The issue of dual nationals is making headlines again. As I noted last December, the ECP decision to bar dual nationals from contesting elections while allowing dual nationals living overseas to vote in elections back home created the bizarre outcome that people who don’t live in Pakistan and have no intention of ever living here can decide elections, but people who actually live here can’t contest elections. Based on the latest petition before the Supreme Court, though, it appears that it’s not all dual nationals that are being targeted, only certain ones.
According to the petitioner, former secretary of the Election Commission of Pakistan Kanwar Dilshad has said there are 35 parliamentarians with dual nationality. So why is the Supreme Court concerned about 4 MPs only? Is it coincidence that the only four out of 35 possible dual nationality holders being investigated by the Supreme Court are PPP members? Or is the Supreme Court preparing another bargaining chip to use against President Zardari?
It should also be noted that the petition in the case Syed Mehmood Akhtar Naqvi has a history of filing cases against PPP. He petitioned the Supreme Court against Waheeda Shah even though ECP had already taken notice of her case. He petitioned the Supreme Court to overrule the government’s elevation of Justice Gulzar Ahmed to the Supreme Court. He even petitioned the Supreme Court to disqualify every single one of PPP’s Sindh Assembly members in 2011.
But lets leave aside the obvious political games being played in the judiciary and look at the issue of dual nationality from a sober and rational perspective.
How many of our dual nationals are people who traveled overseas to take advantage of some of the world’s best universities, and after taking their degrees were accepted in positions with world class companies where they obtained top level skills and experience that they then brought back home to Pakistan?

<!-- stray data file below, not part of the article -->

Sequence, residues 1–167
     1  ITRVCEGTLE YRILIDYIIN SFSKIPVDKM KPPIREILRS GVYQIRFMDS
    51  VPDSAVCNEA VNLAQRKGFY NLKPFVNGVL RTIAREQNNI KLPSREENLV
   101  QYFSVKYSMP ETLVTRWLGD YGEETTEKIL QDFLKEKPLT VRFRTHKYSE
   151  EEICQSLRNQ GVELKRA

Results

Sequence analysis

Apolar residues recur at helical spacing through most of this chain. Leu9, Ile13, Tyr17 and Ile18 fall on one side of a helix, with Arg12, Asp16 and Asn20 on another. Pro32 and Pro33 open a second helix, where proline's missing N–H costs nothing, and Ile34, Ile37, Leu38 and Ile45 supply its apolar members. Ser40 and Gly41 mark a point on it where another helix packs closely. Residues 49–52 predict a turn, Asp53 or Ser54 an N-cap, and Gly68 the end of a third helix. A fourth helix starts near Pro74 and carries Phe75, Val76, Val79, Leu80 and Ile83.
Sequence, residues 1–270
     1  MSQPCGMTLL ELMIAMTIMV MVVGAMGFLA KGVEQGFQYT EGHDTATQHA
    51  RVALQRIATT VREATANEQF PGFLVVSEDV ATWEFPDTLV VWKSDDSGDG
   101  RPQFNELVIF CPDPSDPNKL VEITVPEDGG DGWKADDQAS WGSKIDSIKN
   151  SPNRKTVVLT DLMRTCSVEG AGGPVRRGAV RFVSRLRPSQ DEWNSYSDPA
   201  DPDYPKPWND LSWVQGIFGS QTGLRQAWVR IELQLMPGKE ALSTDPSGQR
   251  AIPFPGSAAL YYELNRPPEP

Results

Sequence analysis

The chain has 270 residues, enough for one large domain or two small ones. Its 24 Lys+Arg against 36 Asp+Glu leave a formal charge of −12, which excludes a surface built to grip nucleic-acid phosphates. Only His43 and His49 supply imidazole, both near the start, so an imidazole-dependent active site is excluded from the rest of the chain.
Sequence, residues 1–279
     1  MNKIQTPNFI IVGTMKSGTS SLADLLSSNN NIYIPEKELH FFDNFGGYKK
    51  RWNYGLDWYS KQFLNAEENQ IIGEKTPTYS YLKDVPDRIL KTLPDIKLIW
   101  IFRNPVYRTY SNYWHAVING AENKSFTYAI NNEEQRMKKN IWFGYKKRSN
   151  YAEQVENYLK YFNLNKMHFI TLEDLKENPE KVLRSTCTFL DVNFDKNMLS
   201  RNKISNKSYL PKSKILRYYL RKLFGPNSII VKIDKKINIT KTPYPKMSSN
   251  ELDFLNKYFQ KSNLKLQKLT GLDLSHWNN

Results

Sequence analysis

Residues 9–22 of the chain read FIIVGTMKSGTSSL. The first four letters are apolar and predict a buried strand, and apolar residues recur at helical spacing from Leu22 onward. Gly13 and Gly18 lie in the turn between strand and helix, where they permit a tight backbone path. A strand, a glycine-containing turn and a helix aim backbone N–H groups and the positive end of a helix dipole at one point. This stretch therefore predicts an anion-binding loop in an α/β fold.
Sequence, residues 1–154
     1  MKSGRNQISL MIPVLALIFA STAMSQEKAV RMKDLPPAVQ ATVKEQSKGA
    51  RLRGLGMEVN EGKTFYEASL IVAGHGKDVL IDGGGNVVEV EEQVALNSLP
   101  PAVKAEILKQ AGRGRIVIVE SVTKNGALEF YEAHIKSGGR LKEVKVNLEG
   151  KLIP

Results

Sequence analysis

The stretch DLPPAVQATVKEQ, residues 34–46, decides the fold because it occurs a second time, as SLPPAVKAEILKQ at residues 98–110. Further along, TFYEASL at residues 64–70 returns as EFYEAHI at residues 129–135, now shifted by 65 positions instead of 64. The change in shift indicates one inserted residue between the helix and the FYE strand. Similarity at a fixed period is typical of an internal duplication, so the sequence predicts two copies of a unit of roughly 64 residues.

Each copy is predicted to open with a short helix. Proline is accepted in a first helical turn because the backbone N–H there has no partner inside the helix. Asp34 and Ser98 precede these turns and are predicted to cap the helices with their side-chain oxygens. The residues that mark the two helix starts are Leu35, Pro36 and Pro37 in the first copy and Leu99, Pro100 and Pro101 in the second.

Pakistan suffers more than any other country from what is known as ‘brain drain’ – the flight of highly skilled people to countries with more and better paying jobs. Often people are able to get these jobs by starting on a student visa, then getting a temporary work visa after their degree, and then residency or citizenship is often required. They’re not swearing allegiance to some other country, they’re just following the rules so that they can advance in their training and career. Do we really want to send the message that if you make the sacrifice of living overseas to get an education and build expertise in your field…don’t come back?
It is also important to view the issue of dual nationality in a historical perspective. For most of the past 35 years, Pakistan suffered under one military dictatorship or another. Gen. Zia especially treated his political opponents brutally and without mercy. Martial Law Regulation No 53 left an indelible stain on the nation and many families were forced to look for security abroad.
Even during brief periods of democratic rule, politics was a high stakes game that ruined lives. We should remember that before the NRO was spun into a ‘get Zardari’ campaign, it was considered as a way to deal with the fact that the judiciary had become a weapon used against opponents. Just as the Supreme Court seems interested only in 4 cases of dual nationals, it seems to have forgotten that the NRO affected not only Zardari’s case but 8,000 others.
And the dual nationality issue affects every party and political ideology also. Just because the PPP is the only party being targeted by the Supreme Court, we should remember that even Imran Khan has said that dual nationals “should be treated equally”. Actually, PTI is taking much of its funding from foreign countries and some top PTI officers such as Fauzia Kasuri are dual nationals. Does this mean that she is not loyal to Pakistan? Imran Khan himself was married in England where he lived for part of every year for almost a decade. Maybe he too is a dual national. Does anyone honestly think that he is more loyal to the UK than Pakistan? Ridiculous.
All of this points to one conclusion – compared with the serious issues facing the nation – terrorism, law and order, economy, energy – the issue of dual nationals in parliament is a non-issue. Rather than making a blanket accusation against someone’s loyalty when you don’t know the true background of their case, anyone who thinks an MP is acting against the interests of the nation should point to specific things that that person is doing. If the people who elected them determine them be untrustworthy, they can choose to replace them in the next election. In the meantime, stop wasting the government’s time with non-issues so that the elected representatives of the people can deal with real ones.